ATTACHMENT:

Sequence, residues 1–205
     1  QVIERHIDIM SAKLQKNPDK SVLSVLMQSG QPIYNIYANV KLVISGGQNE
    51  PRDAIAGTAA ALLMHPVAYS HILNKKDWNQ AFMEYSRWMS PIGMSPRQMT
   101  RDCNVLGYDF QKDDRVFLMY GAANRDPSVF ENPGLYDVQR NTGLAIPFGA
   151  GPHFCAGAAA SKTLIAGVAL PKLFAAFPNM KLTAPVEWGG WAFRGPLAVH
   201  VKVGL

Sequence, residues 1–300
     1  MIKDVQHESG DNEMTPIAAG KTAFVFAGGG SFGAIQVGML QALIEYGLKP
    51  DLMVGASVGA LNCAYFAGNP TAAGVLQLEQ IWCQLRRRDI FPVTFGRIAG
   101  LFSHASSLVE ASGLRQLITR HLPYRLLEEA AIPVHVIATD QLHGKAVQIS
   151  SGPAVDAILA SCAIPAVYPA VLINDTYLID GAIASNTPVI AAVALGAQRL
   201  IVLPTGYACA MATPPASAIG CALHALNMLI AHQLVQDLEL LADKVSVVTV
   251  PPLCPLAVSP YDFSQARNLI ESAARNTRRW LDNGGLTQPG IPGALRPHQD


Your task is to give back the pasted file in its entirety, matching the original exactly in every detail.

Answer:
Sequence, residues 1–205
     1  QVIERHIDIM SAKLQKNPDK SVLSVLMQSG QPIYNIYANV KLVISGGQNE
    51  PRDAIAGTAA ALLMHPVAYS HILNKKDWNQ AFMEYSRWMS PIGMSPRQMT
   101  RDCNVLGYDF QKDDRVFLMY GAANRDPSVF ENPGLYDVQR NTGLAIPFGA
   151  GPHFCAGAAA SKTLIAGVAL PKLFAAFPNM KLTAPVEWGG WAFRGPLAVH
   201  VKVGL

Sequence, residues 1–300
     1  MIKDVQHESG DNEMTPIAAG KTAFVFAGGG SFGAIQVGML QALIEYGLKP
    51  DLMVGASVGA LNCAYFAGNP TAAGVLQLEQ IWCQLRRRDI FPVTFGRIAG
   101  LFSHASSLVE ASGLRQLITR HLPYRLLEEA AIPVHVIATD QLHGKAVQIS
   151  SGPAVDAILA SCAIPAVYPA VLINDTYLID GAIASNTPVI AAVALGAQRL
   201  IVLPTGYACA MATPPASAIG CALHALNMLI AHQLVQDLEL LADKVSVVTV
   251  PPLCPLAVSP YDFSQARNLI ESAARNTRRW LDNGGLTQPG IPGALRPHQD